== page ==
Science Fair Project Encyclopedia
Corey Ian Haim (born December 23, 1971) is a Canadian who became famous as an actor in Hollywood during the 1980s. His friendship and on-screen collaboration with Corey Feldman was widely publicized during the late 80's, and they were dubbed The two Coreys. His fall from stardom is considered a textbook case of a child star losing their way when entering adulthood.
In 1989, amid circulating rumours of a serious a drug problem, Haim released a self-promotional video documentary entitled Corey Haim: Me, Myself, I Am. In the video he is shown taking part in wholesome family activites and discussing his career and ambitions. However, his incoherent ramblings on the video suggested he was heavily drugged during filming.
Haim dated several high profile actresses during the 1990s including Alyssa Milano, Nicole Eggert, Holly Fields ,Victoria Beckham and Cindy Guyer . He was briefly engaged to both Eggert, Fields and Guyer. While he got a stable amount of low-budget work in the early to mid nineties, drug addiction was beginning to seriously impede his career.
In 1993, Haim was charged for pulling a fake handgun during a dispute with his business manager. The charges were later reduced from felony to misdemeanor. In 1996, he was sued by Lloyds of London for $375,000 after pulling out of the film Paradise Bar because of drug problems, which he had failed to mention on the insurance form. He filed for bankruptcy in 1997. According to the bankruptcy report, he had $100,000 outstanding to the IRS, $100,000 in debts, and his assets included $100 dollars cash, $750 dollars worth of clothing, a red 1987 BMW (as seen in Corey Haim: Me, Myself, I Am), and a $31,000 pension fund. The movie roles dried up at this stage.
In 2001, he auctioned one of his teeth and clumps of his hair on E-Bay. E-Bay stopped the tooth auction, as it is against their regulations to sell body parts, but not before bidding had got to $150. He also stole the engagement ring of his ex-fiancee Cindy Guyer, and was caught selling it at a pawn shop in Los Angeles.
He was the subject of an E! True Hollywood Story in 2001, which detailed the extent of his drug addiction. Feldman, who had kicked his own drug habit, spoke of how he himself had tried an intervention with the troubled actor. At this stage, Haim was living with his mother in a sparsely furnished one-bedroom apartment over someone's garage in Santa Monica. In August 2001, Haim suffered a drug induced stroke, and was rushed to UCLA medical center, where he briefly fell into a coma. He had to leave the hospital early because he had no health insurance.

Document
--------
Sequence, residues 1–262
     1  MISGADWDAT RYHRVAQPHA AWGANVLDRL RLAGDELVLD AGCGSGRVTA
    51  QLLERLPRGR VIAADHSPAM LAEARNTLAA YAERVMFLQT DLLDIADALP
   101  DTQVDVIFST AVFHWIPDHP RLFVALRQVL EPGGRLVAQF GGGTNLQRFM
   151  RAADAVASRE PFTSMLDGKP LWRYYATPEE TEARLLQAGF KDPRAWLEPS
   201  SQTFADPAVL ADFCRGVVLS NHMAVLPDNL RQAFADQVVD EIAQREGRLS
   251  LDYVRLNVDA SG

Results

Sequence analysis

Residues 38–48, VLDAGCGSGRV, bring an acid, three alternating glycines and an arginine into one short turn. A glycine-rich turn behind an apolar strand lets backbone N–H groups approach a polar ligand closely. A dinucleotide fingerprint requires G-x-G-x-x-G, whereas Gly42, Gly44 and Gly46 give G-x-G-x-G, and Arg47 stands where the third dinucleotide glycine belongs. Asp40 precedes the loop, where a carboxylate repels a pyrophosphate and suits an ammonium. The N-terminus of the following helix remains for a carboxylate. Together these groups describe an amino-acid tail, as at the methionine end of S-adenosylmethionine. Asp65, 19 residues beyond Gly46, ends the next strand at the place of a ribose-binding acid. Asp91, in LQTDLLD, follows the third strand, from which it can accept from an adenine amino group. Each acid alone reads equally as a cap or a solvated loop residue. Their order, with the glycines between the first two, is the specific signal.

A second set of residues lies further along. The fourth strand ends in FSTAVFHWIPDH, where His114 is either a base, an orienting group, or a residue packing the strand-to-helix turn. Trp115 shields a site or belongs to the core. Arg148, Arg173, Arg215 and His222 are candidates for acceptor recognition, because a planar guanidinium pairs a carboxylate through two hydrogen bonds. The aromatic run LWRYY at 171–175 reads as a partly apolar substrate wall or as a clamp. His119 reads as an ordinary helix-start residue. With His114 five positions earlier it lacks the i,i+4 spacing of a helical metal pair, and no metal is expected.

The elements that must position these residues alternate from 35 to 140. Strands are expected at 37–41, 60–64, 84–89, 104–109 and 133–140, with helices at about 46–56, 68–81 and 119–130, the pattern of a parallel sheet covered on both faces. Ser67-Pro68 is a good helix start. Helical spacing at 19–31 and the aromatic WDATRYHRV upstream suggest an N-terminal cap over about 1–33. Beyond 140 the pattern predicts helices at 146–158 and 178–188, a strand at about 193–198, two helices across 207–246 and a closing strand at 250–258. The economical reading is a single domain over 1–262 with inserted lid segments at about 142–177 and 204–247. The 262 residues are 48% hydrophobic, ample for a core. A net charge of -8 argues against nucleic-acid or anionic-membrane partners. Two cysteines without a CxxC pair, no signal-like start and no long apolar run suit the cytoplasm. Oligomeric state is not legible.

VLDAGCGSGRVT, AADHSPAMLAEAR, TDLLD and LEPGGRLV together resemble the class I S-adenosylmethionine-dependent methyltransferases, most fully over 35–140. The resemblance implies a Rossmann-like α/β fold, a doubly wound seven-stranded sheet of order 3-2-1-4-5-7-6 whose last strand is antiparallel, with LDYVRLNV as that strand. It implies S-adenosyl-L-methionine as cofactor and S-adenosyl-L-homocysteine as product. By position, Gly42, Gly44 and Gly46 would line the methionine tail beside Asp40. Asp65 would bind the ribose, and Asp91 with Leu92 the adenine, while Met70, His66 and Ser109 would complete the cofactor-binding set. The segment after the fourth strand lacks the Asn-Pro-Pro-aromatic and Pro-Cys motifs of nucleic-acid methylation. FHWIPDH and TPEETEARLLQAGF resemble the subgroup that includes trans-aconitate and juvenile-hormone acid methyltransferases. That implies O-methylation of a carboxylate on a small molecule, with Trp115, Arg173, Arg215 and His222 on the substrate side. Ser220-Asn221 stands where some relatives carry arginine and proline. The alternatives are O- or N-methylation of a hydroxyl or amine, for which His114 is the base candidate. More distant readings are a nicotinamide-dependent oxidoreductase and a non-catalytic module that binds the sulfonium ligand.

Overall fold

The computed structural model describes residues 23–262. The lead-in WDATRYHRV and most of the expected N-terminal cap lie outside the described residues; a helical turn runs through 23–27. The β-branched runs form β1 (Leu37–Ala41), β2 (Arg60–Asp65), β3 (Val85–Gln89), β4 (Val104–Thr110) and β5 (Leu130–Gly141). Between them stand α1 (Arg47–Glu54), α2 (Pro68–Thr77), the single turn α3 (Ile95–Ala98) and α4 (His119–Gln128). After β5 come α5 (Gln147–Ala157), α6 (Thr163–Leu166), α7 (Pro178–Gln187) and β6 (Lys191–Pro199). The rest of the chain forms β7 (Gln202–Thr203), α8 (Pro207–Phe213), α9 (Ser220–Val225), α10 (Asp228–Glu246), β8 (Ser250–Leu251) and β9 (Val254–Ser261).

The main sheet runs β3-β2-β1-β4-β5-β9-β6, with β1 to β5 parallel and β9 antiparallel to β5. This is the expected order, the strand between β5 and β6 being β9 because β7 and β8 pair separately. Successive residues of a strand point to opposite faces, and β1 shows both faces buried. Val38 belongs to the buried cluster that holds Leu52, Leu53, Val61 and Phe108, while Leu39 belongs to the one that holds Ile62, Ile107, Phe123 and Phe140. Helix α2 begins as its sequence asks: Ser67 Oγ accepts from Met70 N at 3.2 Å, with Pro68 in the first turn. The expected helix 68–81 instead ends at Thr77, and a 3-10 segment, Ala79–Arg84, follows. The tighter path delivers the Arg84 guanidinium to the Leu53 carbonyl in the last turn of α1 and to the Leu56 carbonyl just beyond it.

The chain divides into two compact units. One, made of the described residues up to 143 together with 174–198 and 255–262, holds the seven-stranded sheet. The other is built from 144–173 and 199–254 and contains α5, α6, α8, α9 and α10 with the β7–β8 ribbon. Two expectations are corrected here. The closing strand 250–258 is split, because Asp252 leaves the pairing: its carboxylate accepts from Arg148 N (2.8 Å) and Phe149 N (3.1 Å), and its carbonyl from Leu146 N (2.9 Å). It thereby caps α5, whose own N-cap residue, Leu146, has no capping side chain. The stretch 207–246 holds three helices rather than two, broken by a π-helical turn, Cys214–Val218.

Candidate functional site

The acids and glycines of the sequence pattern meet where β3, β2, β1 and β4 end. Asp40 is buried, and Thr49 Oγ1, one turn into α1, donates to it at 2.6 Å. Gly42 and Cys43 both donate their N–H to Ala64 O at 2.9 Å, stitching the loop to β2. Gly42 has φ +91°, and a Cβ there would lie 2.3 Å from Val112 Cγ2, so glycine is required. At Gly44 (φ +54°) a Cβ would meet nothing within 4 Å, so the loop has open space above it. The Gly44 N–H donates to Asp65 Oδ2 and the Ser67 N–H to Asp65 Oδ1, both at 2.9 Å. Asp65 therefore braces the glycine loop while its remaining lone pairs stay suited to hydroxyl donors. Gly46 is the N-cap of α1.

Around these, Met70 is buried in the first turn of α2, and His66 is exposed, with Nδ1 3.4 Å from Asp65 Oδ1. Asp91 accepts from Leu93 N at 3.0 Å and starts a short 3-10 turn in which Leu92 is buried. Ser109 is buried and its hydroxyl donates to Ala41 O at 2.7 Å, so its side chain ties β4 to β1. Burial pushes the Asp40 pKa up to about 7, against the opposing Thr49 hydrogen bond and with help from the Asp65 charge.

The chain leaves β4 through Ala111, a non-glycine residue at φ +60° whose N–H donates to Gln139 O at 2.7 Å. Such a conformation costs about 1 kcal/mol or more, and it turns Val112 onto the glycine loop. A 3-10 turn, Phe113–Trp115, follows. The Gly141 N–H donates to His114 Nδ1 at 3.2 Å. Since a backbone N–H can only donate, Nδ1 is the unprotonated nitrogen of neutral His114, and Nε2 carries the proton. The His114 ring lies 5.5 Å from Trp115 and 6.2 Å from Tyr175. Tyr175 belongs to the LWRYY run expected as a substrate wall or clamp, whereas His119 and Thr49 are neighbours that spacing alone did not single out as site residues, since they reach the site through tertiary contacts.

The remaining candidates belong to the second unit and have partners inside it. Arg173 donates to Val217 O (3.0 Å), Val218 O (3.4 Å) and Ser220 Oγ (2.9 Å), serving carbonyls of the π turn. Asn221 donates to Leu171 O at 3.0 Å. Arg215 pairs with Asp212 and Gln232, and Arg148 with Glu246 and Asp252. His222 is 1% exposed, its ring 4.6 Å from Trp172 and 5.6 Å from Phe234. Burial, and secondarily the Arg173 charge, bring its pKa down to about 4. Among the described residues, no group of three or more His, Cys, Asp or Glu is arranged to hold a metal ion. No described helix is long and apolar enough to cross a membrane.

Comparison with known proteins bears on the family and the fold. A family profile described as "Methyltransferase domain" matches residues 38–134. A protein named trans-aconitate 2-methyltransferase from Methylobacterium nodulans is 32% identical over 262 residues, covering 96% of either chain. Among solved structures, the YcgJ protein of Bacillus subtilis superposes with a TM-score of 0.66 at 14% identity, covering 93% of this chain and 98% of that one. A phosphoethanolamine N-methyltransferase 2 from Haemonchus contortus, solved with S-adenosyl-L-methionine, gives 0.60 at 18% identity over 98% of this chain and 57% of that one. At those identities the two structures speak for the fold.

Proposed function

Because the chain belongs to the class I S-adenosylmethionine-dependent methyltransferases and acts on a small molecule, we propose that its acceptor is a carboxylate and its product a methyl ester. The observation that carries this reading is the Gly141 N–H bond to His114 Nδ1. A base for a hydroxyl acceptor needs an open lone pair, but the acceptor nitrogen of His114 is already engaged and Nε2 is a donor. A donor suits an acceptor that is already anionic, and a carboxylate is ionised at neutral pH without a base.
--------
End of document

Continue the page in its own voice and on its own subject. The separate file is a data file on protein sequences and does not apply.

Having been in and out of rehab over 15 times, he appeared to have finally kicked his drug habit as of 2004, after resettling back in Toronto. Haim was the subject of the single Whatever Happened to Corey Haim by The Thrills, released in September 2004. In response to an investigation by The Sun newspaper during the single's release, into what exactly had happened to Corey Haim, he responded I'm clean, sober, humble and happy. Presently, he is renting an apartment in Toronto, and works part-time at a record store. He does not appear to have anymore films in the pipeline as of January 2005.
"I'm clean, sober, humble and happy" (The Sun, 2004)
Well, as far as my fans out there, being, and like 'help Corey,' you know, 'where's our Corey,' you know and the whole misconception thing, from the people out there. Um, you know, they have every right to feel the way they do and things are great with me, as you see, I'm very, good shape now and on the ball. Things are happening. (from the video Corey Haim: Me, Myself, I Am, 1989)
There's no point in making bad movies. That is not my desire (1980s interview)
After the 1980s, his career began a downward trajectory. Dream a Little Dream was his last film with a major theatrical release, afterwhich it was strictly low-budget straight-to-video fare, which included Dream Machine, Fast Getaway, Fast Getaway II, Blown Away, One of the Girls, Snowboard Academy, Demolition High, Demolition University and Busted. Many of these co-starred Corey Feldman, and often featured Eggert as the love interest.
One of his first appearances was in Lucas, alongside Charlie Sheen. His breakthrough role came in Joel Schumacher's 1987 hit film, The Lost Boys, where he and the other Corey battled teenage vampires. Then, in 1988, he made the movie License to Drive , where he undertook the main character and Feldman had a secondary role. For their next movie, 1989's Dream a Little Dream , they reversed roles, with Feldman on the lead and Haim as a secondary character. He and Feldman quickly became teen idols, and both got heavily involved in the late 1980s Hollywood party scene.
- Universal Groove (2004)
- The Back Lot Murders (2002)
- Without Malice (2000) (TV)
- Merlin (1998/I) (TV)
- Demolition University (1997) (V)
- Never Too Late (1997)
- Busted (1996)
- Demolition High (1996)
- Fever Lake (1996) (V)
- Shooter on the Side (1996)
- Snowboard Academy (1996)
- Life 101 (1995)
- Dream a Little Dream 2 (1995)
- Last Resort (1994/I)
- Fast Getaway II (1994)
- Anything for Love (1993)
- Double Switch (1993) (VG)
- Blown Away (1992)
- The Double 0 Kid (1992)
- Oh, What a Night (1992)
- Prayer of the Rollerboys (1991)
- Fast Getaway (1991)
- The Dream Machine (1990)
- Dream a Little Dream (1989)
- License to Drive (1988)
- Watchers (1988)
- The Lost Boys (1987)
- Roomies (1987) (TV)
- Lucas (1986)
- Murphy's Romance (1985)
- A Time to Live (1985) (TV)
- Silver Bullet (1985)
- Secret Admirer (1985)
- Firstborn (1984)
- The Edison Twins (1982) (TV)
- Demolition University (1997) (V) (executive producer)
- Demolition High (1996) (executive producer)
- Life 101 (1995) (associate producer)
- Fast Getaway (1991) (associate producer)
- Me, Myself and I (1989)
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